Explore The NRA Universe Of Websites

APPEARS IN News

H.R. 4269: Protecting Lawful Transportation of Firearms

Friday, April 6, 2012

An important provision of federal law, intended to protect the right of law-abiding gun owners to transport firearms throughout our nation, has been ignored by anti-gun local officials and effectively gutted by the courts. H.R. 4269, introduced by U.S. Reps. Morgan Griffith (R-Va.), Ted Poe (R-Texas) and Bill Owens (D-N.Y.), would rewrite the law to give it the effect Congress intended when it was passed more than 25 years ago.

The provision is a section of federal law (18 U.S.C. § 926A), enacted to guarantee the right of a law-abiding person to transport an unloaded firearm between a location where he or she may legally possess it and a destination where he or she may also legally possess it, regardless of state or local laws that would otherwise apply. Under the current law, the gun must be cased or otherwise not readily accessible.

Most states have never had a problem with this law.  However, both before and after enactment of FOPA, gun owners have had serious problems lawfully travelling in two states in particular: New York (especially New York City) and New Jersey. Rather than recognize the intention of Congress to protect the rights of Americans travelling with legally owned firearms, these jurisdictions have used overly restrictive state licensing laws to harass and prosecute travelers. For example:

  • In 2004, the Port Authority Police Department (PAPD) arrested John Torraco at LaGuardia Airport for possession of a firearm.  Torraco, an attorney and law professor from Florida, had stored his legally owned unloaded handgun in his checked luggage.  However, when he declared the firearm to the counter agent (as required by federal law) he was arrested and charged with possession of an unlicensed handgun.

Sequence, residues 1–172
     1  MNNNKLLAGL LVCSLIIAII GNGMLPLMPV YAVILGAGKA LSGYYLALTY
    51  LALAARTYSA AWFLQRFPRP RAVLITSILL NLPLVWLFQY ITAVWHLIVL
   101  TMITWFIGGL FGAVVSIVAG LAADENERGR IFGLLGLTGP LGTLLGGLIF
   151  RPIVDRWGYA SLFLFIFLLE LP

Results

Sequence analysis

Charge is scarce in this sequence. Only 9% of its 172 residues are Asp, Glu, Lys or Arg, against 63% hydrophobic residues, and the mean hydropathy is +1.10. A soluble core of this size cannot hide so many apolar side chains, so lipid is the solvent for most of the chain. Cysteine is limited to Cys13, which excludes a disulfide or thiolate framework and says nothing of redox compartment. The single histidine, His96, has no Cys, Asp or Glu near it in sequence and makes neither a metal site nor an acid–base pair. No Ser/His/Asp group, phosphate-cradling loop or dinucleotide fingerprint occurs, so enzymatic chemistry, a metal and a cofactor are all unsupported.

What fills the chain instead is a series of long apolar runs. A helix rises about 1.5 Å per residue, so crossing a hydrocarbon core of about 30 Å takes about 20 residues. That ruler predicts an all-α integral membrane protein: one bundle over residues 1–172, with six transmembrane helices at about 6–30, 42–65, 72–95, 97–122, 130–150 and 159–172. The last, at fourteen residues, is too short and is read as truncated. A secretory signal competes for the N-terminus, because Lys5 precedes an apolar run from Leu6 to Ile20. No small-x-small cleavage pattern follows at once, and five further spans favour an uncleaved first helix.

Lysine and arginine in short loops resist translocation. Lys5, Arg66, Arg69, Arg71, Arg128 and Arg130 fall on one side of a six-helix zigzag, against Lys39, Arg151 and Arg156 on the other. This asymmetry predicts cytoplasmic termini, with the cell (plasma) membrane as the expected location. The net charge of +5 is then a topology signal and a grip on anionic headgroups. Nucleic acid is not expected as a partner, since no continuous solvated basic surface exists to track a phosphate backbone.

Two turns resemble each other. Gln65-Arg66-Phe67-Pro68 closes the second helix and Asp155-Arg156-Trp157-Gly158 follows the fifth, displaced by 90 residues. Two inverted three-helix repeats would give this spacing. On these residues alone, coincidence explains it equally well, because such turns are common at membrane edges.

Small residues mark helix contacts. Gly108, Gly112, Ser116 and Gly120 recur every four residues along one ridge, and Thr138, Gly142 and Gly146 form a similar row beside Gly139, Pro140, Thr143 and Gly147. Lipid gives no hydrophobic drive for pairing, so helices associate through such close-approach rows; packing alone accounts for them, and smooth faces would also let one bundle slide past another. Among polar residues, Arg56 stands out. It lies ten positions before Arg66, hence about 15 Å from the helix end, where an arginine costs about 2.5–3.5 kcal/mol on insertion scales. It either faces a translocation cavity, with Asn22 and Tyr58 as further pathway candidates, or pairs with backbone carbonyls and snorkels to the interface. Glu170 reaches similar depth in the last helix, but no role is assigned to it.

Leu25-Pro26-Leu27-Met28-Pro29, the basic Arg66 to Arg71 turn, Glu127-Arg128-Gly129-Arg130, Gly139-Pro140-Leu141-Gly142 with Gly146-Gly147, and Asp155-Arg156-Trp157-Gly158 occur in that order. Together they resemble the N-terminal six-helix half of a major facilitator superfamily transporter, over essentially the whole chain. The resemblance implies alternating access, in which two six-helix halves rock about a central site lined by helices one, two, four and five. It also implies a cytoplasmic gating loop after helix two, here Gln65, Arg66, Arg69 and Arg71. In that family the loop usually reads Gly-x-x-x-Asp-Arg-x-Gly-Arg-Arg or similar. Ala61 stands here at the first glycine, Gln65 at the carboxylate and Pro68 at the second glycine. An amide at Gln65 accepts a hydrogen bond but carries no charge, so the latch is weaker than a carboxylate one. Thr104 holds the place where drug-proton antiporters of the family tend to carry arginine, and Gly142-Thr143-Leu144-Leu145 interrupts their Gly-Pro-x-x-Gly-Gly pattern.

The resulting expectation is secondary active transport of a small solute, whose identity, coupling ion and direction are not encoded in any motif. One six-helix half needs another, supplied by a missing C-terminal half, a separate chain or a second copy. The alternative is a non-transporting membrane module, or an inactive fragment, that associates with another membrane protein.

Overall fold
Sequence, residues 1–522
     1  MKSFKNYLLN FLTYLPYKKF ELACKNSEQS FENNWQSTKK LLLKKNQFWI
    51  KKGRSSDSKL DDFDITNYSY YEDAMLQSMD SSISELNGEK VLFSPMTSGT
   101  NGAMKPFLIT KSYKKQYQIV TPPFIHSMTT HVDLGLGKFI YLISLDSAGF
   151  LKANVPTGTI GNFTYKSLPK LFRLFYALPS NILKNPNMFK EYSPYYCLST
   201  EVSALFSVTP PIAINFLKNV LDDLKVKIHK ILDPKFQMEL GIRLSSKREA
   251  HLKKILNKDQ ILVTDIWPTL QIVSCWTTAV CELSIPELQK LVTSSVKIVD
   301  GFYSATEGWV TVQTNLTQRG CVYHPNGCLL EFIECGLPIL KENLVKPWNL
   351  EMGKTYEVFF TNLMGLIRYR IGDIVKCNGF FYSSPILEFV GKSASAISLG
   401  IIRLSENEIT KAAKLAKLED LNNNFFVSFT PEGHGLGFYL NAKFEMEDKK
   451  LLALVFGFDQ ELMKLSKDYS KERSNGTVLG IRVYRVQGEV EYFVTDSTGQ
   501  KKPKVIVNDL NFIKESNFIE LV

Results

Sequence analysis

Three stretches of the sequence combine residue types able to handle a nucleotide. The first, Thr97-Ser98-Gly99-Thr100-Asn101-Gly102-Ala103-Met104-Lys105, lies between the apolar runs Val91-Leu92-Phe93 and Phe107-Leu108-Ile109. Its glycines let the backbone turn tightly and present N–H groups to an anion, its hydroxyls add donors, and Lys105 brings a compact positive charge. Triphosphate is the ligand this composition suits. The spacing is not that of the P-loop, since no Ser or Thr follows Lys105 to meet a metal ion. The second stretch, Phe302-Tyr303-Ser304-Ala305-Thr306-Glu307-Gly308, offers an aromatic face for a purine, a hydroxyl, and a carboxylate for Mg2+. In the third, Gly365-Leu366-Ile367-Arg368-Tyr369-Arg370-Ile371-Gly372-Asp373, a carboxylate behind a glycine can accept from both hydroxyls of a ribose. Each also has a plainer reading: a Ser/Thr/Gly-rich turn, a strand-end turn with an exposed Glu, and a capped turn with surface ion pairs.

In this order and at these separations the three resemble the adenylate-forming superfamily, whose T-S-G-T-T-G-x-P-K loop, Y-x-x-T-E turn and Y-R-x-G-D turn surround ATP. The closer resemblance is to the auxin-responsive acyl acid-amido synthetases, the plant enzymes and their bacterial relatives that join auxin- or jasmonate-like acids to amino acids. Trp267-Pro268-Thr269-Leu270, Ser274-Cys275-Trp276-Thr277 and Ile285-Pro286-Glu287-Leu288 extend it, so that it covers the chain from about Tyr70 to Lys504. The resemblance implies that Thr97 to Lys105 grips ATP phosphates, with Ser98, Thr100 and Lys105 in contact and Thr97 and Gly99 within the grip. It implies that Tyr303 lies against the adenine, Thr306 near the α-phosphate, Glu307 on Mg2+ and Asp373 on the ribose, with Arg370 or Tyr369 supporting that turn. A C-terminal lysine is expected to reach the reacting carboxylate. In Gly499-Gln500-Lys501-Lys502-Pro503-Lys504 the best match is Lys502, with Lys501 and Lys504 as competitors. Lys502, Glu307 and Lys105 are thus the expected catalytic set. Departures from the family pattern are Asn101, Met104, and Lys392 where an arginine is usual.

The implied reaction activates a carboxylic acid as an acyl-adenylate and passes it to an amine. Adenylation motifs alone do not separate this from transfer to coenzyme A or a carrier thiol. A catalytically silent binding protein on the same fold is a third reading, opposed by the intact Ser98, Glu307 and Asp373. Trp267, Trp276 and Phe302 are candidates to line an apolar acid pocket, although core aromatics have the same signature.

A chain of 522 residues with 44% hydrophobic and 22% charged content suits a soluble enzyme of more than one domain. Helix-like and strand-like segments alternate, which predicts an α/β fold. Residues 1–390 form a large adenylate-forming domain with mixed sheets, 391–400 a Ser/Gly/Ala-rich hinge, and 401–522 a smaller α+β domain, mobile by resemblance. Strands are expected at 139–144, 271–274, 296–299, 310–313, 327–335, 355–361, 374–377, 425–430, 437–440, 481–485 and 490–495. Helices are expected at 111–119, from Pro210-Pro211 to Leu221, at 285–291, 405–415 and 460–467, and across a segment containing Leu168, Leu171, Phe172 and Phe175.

• In 2005, William Winstanley, a New York state resident, was detained at John F. Kennedy International Airport when he attempted to check a handgun in his luggage, again in compliance with the requirements of § 926A.  Winstanley was not arrested, but his travel was delayed for several days while he proved that he was in compliance with federal law.
  • In 2005, Greg Revell, a Utah resident, was flying through Newark Liberty International Airport to his final destination in Pennsylvania. However, his flight into New Jersey was late, which caused him to miss his connecting flight. Revell was forced to collect his baggage and spend the night in a Newark hotel. When he attempted to recheck his baggage the following morning, he declared the unloaded handgun to the counter agent. PAPD officers arrested Revell for illegal possession of a handgun and ammunition under New Jersey law.  Revell spent three days in jail before he was able to make bail.

Each of these gun owners filed a civil rights suit in federal court.  However, in each case, the courts interpreted the law in a way that allows local law enforcement officials to detain or arrest travelers who make every effort to comply with federal law, and that deprive the travelers of any effective remedy after the fact. Many other cases have resulted in guilty pleas to reduced charges, civil penalties, and delayed travel.